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symbolic interactionism

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noun Sociology.

a theory that human interaction and communication is facilitated by words, gestures, and other symbols that have acquired conventionalized meanings.

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Origin of symbolic interactionism

First recorded in 1965–70

OTHER WORDS FROM symbolic interactionism

symbolic interactionist, noun
Dictionary.com Unabridged Based on the Random House Unabridged Dictionary, © Random House, Inc. 2021

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What is symbolic interactionism?

Symbolic interactionism is an approach used to analyze human interactions by focusing on the meanings that individuals assign to things in the world around them, including words and objects.

Symbolic interactionism is used within the field of sociology (the study of human society) to explain social behavior in terms of how people interact based on their interpretation of symbols. In this context, symbols can be anything that can be given a meaning, including language, gestures, objects, images, and events, among many other things.

Symbolic interactionism is sometimes defined as a theory, but many sociologists argue that it is instead a method or an approach used to analyze individual interactions. It is sometimes criticized for being incomplete or too narrowly focused on small interactions.

Why is symbolic interactionism important in sociology?

Have you ever felt a certain way about a person because of the way they pronounce a certain word? What about because of the kind of car they drive? Or how they shake hands? According to symbolic interactionism, we give meaning to all of these things, and these meanings affect how we see other people and how we interact with them.

Symbolic interactionism was developed in the 1900s by sociologists like George Herbert Mead, Charles Cooley, and Herbert Blumer, who is credited with coining the term. These sociologists all had different things to say about the concepts presented in symbolic interactionism, but none of them said that things have universal meanings that will be interpreted the same way by all people. In fact, it’s quite the opposite—symbolic interactionism is based on the idea that people develop their own meanings for things and that even these meanings are subject to change. Even something as basic as a color can have wildly different meanings depending on one’s culture. For example, in the United States, the color red is often associated with danger or the need for caution, like in a stop sign or stoplight. In China, though, the color red is considered good luck and often used during times of celebration, like weddings.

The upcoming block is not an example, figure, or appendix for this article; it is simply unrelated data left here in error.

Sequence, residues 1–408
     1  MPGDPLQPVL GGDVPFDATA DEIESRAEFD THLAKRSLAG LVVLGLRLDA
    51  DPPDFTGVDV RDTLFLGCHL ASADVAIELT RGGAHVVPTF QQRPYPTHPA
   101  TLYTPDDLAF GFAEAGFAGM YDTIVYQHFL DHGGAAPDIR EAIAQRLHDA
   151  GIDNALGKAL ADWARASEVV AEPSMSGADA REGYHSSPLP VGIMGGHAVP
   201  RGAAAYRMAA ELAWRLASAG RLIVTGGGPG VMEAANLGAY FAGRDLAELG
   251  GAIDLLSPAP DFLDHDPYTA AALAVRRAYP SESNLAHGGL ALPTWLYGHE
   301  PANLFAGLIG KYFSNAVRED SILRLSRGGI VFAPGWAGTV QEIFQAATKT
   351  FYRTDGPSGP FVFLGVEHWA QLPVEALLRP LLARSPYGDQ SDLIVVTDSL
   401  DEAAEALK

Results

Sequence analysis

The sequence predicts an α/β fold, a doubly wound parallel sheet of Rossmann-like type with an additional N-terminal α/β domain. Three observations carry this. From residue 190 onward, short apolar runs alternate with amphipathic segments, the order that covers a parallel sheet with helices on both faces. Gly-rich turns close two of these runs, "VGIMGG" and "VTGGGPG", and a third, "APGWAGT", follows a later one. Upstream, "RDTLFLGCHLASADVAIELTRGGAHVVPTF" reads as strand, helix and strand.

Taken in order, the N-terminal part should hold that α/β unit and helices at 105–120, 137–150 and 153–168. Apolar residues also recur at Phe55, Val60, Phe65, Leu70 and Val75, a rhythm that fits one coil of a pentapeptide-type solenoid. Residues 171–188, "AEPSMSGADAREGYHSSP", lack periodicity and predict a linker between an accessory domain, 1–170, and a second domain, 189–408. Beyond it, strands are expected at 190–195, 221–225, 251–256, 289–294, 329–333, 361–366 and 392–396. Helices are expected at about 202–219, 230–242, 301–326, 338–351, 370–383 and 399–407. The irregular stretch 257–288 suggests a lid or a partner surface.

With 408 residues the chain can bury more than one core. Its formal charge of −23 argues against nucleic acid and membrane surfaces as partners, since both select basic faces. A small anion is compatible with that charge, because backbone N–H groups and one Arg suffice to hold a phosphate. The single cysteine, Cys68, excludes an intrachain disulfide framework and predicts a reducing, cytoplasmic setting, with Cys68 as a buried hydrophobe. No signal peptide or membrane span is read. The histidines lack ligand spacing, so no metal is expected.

Symbols and their meanings play a big role in the formation of our identities. As we age, we associate more and more meanings to the things in our life. It could be something as simple as associating a glass of ice water with the sensation of refreshment. And even something this simple could change. If our teeth start to hurt when we drink cold beverages, that glass of ice water might not represent refreshment anymore, but potential pain. Imagine, then, how the meanings we give to things can affect how we interact with other people. That’s the aim of symbolic interactionism—to analyze those interactions in relation to the meaning given to the symbols involved. For example, we might judge someone based on a gesture, such as a handshake. Or we might treat people differently based on what kind of clothes they’re wearing. For example, we often treat people in uniform with additional respect. Objects can have meaning, too. Expensive luxury items like cars or watches are often seen as status symbols, and they can affect how we interact with the people who have them (or how we think of ourselves, if we can afford them).

Of course, within the context of symbolic interactionism, symbols can be much more abstract than cars, clothes, or handshakes. And that means that their influence on interactions between people can be hard to evaluate. This is one of the reasons that symbolic interactionism is sometimes criticized. The impact of symbols and their meanings can be difficult to measure scientifically. Symbolic interactionism is also sometimes criticized due to its focus on individuals over larger-scale factors that can shape society and the meanings of certain symbols, such as education and media. Still, that doesn’t mean it’s not a useful approach to try to interpret and understand the many ways that people interact with each other and how that affects society as a whole.

Did you know ... ?

In the context of symbolic interactionism, it’s hard to think of something that’s not considered a symbol. Even seemingly neutral objects in nature can be given meanings based on our experience with them.

What are real-life examples if symbolic interactionism?

Symbolic interactionism can be used to interpret something as simple as how someone thinks of a tree—and how that might change if they come into contact with someone else’s associations with trees.

 

Quiz yourself!

True or False?

In symbolic interactionism, symbols are only things like letters, numbers, and other graphical characters.

How to use symbolic interactionism in a sentence

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